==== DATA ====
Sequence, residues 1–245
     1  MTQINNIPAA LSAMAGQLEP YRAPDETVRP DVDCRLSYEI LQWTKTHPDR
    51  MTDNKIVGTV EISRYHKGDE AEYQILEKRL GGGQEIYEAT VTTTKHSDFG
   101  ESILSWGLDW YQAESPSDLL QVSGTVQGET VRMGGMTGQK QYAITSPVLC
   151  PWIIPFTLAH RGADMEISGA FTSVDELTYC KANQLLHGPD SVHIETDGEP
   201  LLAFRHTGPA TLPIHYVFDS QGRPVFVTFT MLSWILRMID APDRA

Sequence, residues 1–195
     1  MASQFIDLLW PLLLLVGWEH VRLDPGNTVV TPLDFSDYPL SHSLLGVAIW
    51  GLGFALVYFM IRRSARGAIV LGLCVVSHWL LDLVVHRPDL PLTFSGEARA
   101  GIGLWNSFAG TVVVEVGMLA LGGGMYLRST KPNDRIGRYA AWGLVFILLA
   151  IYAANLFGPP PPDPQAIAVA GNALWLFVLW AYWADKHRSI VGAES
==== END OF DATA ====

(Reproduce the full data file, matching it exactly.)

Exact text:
Sequence, residues 1–245
     1  MTQINNIPAA LSAMAGQLEP YRAPDETVRP DVDCRLSYEI LQWTKTHPDR
    51  MTDNKIVGTV EISRYHKGDE AEYQILEKRL GGGQEIYEAT VTTTKHSDFG
   101  ESILSWGLDW YQAESPSDLL QVSGTVQGET VRMGGMTGQK QYAITSPVLC
   151  PWIIPFTLAH RGADMEISGA FTSVDELTYC KANQLLHGPD SVHIETDGEP
   201  LLAFRHTGPA TLPIHYVFDS QGRPVFVTFT MLSWILRMID APDRA

Sequence, residues 1–195
     1  MASQFIDLLW PLLLLVGWEH VRLDPGNTVV TPLDFSDYPL SHSLLGVAIW
    51  GLGFALVYFM IRRSARGAIV LGLCVVSHWL LDLVVHRPDL PLTFSGEARA
   101  GIGLWNSFAG TVVVEVGMLA LGGGMYLRST KPNDRIGRYA AWGLVFILLA
   151  IYAANLFGPP PPDPQAIAVA GNALWLFVLW AYWADKHRSI VGAES